Employers: Watch for Notices Coming from Health Care Exchanges

Based on the regulations of the Affordable Care Act (ACA), Health Care Insurance Marketplaces (also referred to as Exchanges) will begin to send out notifications to certain employers when one or more of their employees enrolls in coverage through the Marketplace and is eligible for a subsidy, or Advanced Premium Tax Credit, for one or more months. In 2016 the notices will only be sent when employees provide a complete address for the employer. This means that in 2016 employers may not get notices from the Exchange for all employees who are receiving subsidies. A sample notice can be found here.

The following are some common questions many employers have about these notices. 

Where are the notices sent?

In 2016 the notices will be sent to the address that the employee provides when applying for health insurance coverage through the Health Care Marketplace. This may not necessarily be your legal business address or the address on file with the IRS or other entities. For businesses with multiple locations it is very important that you notify all locations to watch for these notices as you only have 90 days to respond to each notice. The method used to determine employer address may change in future years.

How does an employee become eligible for a subsidy?

An employee can become eligible for a subsidy by attesting that they are a full time employee who was not offered and is not enrolled in affordable coverage that meets minimum value standards established by the ACA. An employee is considered to be full time under the ACA when they work an average of at least 30 hours per week. Coverage is considered affordable when the employee’s cost of employee only coverage for the least expensive minimum value plan offered is less than 9.66% of the employee’s household income. A plan meets the minimum value standard when it “pays at least 60% of the total cost of medical services for a standard population” and “its benefits include substantial coverage of physician and inpatient hospital services.” To determine whether your plan meets the minimum value requirements, there is an Employer Coverage Tool available on the healthcare.gov website.

What do we do if we receive a notice?

If the employee is a full time employee who was offered affordable coverage that meets the minimum value standard you should appeal. If the employee is enrolled in coverage you should appeal. If the employee is part time (and has not been full time during the period eligible for a subsidy) you should appeal. It is especially important for large employers with 50 or more full time equivalent employees (or smaller employers who are members of a controlled group with a combined total of 50 or more full time equivalent employees in the entire controlled group) who are subject to the pay or play mandate.

How does the appeal process work?

Employers have 90 days to appeal any notices that include incorrect information. A form is available here for employers to use for their appeal. The form includes thorough instructions that should help with completing the appeal.  When submitting the initial appeal, employers can submit any evidence or documentation that supports their appeal. There will also be an opportunity to submit supporting documentation after the initial appeal is filed.  Supporting documents may include a signed benefit waiver form, a payroll report showing total hours, proof of benefit enrollment, etc.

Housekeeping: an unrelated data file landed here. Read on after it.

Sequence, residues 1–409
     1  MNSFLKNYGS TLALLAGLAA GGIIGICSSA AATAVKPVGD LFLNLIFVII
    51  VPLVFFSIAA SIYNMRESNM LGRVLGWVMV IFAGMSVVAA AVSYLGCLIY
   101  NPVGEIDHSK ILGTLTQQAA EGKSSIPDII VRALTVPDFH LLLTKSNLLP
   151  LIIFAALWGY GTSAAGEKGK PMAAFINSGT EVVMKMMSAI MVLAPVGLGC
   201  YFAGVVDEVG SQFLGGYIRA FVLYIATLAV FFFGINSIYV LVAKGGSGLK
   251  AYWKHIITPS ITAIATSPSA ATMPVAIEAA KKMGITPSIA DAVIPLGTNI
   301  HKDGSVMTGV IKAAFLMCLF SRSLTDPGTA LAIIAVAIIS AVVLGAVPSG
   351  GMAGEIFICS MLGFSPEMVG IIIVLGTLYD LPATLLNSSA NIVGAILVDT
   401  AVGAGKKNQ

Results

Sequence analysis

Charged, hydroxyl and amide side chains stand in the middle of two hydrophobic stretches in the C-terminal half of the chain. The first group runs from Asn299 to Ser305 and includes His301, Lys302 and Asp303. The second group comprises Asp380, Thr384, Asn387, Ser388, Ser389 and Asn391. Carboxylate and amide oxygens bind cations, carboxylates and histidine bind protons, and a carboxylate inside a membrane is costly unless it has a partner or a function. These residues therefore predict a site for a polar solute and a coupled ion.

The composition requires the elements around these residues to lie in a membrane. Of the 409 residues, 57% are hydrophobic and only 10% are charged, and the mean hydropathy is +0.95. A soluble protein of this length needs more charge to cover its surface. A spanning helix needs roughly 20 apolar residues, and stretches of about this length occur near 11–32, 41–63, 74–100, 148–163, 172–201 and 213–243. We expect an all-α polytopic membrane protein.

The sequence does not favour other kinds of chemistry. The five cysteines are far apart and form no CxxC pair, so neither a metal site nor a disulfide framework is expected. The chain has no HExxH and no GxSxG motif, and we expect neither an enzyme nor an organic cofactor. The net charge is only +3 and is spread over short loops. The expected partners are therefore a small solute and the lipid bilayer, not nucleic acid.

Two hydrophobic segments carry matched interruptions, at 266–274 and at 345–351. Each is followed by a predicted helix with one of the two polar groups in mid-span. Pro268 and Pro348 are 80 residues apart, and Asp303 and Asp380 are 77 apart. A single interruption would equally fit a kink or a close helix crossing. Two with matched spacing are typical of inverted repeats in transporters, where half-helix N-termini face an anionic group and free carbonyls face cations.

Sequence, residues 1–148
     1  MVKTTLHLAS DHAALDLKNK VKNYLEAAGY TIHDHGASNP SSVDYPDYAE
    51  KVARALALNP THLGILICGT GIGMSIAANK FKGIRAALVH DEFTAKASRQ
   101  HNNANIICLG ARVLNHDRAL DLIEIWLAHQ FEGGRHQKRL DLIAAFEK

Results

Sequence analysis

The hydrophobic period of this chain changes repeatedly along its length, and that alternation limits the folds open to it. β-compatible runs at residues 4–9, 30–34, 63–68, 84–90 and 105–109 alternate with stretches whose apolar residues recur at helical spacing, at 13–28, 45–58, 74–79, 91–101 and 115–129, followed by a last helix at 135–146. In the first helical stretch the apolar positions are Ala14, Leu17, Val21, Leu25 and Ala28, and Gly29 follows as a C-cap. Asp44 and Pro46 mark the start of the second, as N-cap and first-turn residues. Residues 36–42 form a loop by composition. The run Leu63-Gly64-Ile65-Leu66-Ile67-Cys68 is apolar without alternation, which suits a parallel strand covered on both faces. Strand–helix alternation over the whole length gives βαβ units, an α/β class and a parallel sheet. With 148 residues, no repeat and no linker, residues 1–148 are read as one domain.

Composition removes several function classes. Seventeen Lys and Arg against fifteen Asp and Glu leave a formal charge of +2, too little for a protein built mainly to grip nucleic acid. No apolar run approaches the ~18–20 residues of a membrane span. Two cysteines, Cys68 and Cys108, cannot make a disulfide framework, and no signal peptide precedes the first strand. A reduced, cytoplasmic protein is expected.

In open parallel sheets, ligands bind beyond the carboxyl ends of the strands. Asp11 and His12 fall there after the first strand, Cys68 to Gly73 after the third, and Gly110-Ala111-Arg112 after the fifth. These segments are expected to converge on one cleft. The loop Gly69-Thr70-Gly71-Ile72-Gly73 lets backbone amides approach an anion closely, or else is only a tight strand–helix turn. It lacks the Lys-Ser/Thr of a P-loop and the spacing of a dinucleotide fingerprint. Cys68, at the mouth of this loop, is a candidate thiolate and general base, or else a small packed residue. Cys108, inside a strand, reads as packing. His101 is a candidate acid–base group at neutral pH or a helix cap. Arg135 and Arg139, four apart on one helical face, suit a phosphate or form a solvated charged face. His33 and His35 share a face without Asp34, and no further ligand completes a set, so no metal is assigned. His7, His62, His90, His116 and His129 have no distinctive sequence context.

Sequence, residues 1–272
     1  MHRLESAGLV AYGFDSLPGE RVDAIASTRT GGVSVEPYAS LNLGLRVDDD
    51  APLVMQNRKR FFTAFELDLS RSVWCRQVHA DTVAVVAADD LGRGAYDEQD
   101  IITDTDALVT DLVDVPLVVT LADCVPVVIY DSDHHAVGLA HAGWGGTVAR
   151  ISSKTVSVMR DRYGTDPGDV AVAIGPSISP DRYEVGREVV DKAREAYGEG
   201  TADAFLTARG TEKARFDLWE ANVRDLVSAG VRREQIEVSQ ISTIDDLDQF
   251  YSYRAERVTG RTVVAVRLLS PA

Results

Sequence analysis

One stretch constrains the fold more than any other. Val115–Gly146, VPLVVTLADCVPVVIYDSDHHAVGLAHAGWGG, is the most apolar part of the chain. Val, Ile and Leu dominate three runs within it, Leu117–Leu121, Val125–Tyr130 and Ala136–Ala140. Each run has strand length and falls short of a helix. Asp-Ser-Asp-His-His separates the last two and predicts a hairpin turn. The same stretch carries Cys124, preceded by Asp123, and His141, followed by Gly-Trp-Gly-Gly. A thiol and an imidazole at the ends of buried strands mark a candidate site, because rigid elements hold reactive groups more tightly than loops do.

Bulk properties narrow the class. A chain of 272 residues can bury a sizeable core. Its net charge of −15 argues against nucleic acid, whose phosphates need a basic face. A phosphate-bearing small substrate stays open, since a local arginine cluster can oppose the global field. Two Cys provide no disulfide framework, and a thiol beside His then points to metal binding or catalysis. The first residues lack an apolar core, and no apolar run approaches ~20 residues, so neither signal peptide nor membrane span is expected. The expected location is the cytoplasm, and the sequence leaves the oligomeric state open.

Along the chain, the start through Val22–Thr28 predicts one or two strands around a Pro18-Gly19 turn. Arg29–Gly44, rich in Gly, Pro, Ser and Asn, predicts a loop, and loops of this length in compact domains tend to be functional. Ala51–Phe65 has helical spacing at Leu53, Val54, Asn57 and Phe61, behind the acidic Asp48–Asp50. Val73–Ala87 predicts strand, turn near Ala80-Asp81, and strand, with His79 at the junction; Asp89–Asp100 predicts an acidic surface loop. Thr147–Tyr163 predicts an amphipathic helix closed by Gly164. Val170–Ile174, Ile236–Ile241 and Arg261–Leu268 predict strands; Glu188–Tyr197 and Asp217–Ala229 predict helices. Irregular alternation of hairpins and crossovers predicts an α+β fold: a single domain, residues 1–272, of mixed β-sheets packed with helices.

Once the appeal is received you will receive a notice acknowledging receipt from the Exchange. The employee will also receive notice that there has been an appeal filed. The appeal will be reviewed along with any additional evidence or supporting documentation provided and the Exchange will notify both the employee and employer of their decision. The decision must be made and sent in writing within 90 days from the date the appeal is received by the Exchange.

Does a notice mean that a penalty will be assessed?

No! Only the IRS has the authority to assess penalties.  The notices sent from the Exchanges are completely separate from IRS penalty determinations. The IRS has a separate appeal process. That being said, you should not ignore the notices from the Exchanges because the IRS may then assume that the information provided by the employee is accurate and will therefore likely assess a penalty if you are a large employer subject to the pay or play mandate. The penalty in 2016 is $260 for each employee, each month that a full time employee is enrolled in an Exchange plan and qualifies for a tax subsidy. 

When we receive a notice should we talk to the employee(s) listed on the notice(s)?

Absolutely not. There are strict retaliation rules associated with the ACA that state that an employer cannot “discharge or in any manner discriminate against any employee with respect to his or her compensation, terms, conditions or other privileges of employment because the employee (or an individual acting at the request of the employee) has received a credit under the ACA or reported any violation of, or any act or omission the employee reasonably believes to be a violation of the ACA.”

Final Suggestions for Employers:

Make sure that all of your locations know what to do if a notice from a Health Insurance Exchange is received.  All managers should also be made aware of the anti-retaliation provision in the ACA and should not take any adverse action against an employee who receives a subsidy for health insurance.

It is also very important to maintain accurate and complete records regarding all coverage offered to each employee as well as all enrollments.  For any employees who decide to not elect coverage offered through the employer, it is a good idea to have a waiver form signed by the employee to serve as documentation that the coverage was offered.

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